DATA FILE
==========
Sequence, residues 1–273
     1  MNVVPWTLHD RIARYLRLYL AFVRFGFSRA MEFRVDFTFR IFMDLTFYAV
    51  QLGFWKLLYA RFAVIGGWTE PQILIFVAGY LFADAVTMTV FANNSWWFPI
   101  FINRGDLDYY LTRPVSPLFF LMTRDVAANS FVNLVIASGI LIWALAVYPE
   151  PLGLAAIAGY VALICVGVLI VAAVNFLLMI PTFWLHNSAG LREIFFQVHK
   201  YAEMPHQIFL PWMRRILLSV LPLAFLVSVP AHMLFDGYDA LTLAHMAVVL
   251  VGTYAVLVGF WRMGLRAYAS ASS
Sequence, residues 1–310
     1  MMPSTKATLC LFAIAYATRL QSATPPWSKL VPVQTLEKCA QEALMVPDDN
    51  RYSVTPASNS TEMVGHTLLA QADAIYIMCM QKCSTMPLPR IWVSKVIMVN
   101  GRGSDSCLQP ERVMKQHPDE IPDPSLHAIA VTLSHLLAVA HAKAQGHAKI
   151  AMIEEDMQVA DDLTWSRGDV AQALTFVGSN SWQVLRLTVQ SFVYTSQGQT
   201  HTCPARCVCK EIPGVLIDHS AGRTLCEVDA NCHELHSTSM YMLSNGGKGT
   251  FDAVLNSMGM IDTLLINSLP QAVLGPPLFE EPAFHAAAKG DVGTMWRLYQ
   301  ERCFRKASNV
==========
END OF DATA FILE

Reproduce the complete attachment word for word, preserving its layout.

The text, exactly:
Sequence, residues 1–273
     1  MNVVPWTLHD RIARYLRLYL AFVRFGFSRA MEFRVDFTFR IFMDLTFYAV
    51  QLGFWKLLYA RFAVIGGWTE PQILIFVAGY LFADAVTMTV FANNSWWFPI
   101  FINRGDLDYY LTRPVSPLFF LMTRDVAANS FVNLVIASGI LIWALAVYPE
   151  PLGLAAIAGY VALICVGVLI VAAVNFLLMI PTFWLHNSAG LREIFFQVHK
   201  YAEMPHQIFL PWMRRILLSV LPLAFLVSVP AHMLFDGYDA LTLAHMAVVL
   251  VGTYAVLVGF WRMGLRAYAS ASS
Sequence, residues 1–310
     1  MMPSTKATLC LFAIAYATRL QSATPPWSKL VPVQTLEKCA QEALMVPDDN
    51  RYSVTPASNS TEMVGHTLLA QADAIYIMCM QKCSTMPLPR IWVSKVIMVN
   101  GRGSDSCLQP ERVMKQHPDE IPDPSLHAIA VTLSHLLAVA HAKAQGHAKI
   151  AMIEEDMQVA DDLTWSRGDV AQALTFVGSN SWQVLRLTVQ SFVYTSQGQT
   201  HTCPARCVCK EIPGVLIDHS AGRTLCEVDA NCHELHSTSM YMLSNGGKGT
   251  FDAVLNSMGM IDTLLINSLP QAVLGPPLFE EPAFHAAAKG DVGTMWRLYQ
   301  ERCFRKASNV